Real locations in wuxia books Jun 26, 2014 16:00:54 GMT
Post by chefying on Jun 26, 2014 16:00:54 GMT
Thanks andrea. I had a good time travelling. Now I am broke!
Anyway, so what is Hua Diao wine? can you please tell me the hanzi? perhaps I can buy it online.
siuyiu beat me to replying your question. Anyway, if I ever take Hua Diao wine, I like it warm, and with a piece of xuanmei - sour plum in it. Since I take it with sour plum (taste more mellow if you ask me), it does not make economic sense to buy top quality Hua Diao wine. The normal/average cooking wine would do just fine. Any left overs go to my kitchen and gets sizzled into my cooking - especially chicken.
Anyway, my erhu teacher (yes, I'm taking lessons again to go to further grade) is from Xi'An. and they have a very good glutinous rice wine. Smells really good and the taste is mellow. I kinda curious why there's no glutinouse rice wine mentioned in wuxia books. Perhaps because it contains not much alcohol?
I think most "mi jiu" - rice wine in China is made with glutinous wine. I believe this is the case because glutinous rice has more "sweetness" in it carbohydrates (?) compared to normal rice. If I recall my chemistry, the yeast breaks down the carbohydrates into sugar, and then the sugar into alcohol. So it makes sense to use glutinous rice rather than normal rice. I assume that everyone just uses glutinous rice to make rice wine, so by default, the "glutinous" part of it was dropped and it got called "rice" wine instead of glutinous rice wine.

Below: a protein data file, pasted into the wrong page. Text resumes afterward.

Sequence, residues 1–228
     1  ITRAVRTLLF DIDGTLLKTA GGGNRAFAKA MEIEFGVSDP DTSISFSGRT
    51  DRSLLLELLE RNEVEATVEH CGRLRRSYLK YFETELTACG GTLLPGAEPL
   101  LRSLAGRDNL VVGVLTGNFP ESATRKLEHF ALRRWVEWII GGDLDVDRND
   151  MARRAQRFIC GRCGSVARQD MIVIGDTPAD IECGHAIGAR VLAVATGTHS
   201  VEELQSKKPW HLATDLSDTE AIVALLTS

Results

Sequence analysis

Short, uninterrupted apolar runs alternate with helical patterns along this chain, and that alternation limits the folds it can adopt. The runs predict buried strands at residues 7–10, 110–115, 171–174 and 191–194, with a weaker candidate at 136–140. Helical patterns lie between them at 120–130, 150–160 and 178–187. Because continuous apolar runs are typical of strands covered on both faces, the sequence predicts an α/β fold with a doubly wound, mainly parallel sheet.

I made glutinous rice wine once when I was in London. For some odd reason, I was desperate for some Chinese coq au vin - the type that southern chinese would prepare for the mothers in confinement. Anyway, I saw some rice yeast being sold, so I bought the rice yeast, glutinous rice, and voila, a month later, I was cooking Chinese coq au vin. The wine turned out very sweet, and very strong.
I also used the lees to cook chicken and that come out quite nice as well. That was a Eastern Chinese dish that I saw in a recipe book. At that point in time, I did not know of "jiu niang tang yuan" 酒酿 汤圆 - which was a blessing because I would be quite drunk quite often for quite long if I keep taking the "jiu ninag tang yuan".
Talking about Xi'an, I am tempted to go again! I am eyeing October. Over there, at that time, there is a shop in Xi'an that sells a 'cake' made in a special way. This shop only opens for a few weeks in a year. In October, there are plenty of very ripe persimmons in Xi'an. That shop will squeeze the juice out of the persimmon, and use the juice to mix with the glutinous rice flour to form the dough of the cake.
The filling of the cake is a mixture of peanuts, sugar, sesame seed, walnuts and osmanthus sugar. This mixture is wrapped in the aforementiond dough, and fried on a flat pan with some oil. Eaten warm in October, the dough is a bit chewy while the filling is delicious and fragrant.
I have used this filling for my tang yuan served during Winter Solstice, and it came out great.
Hmm, small wonder I am not fatter than I already am....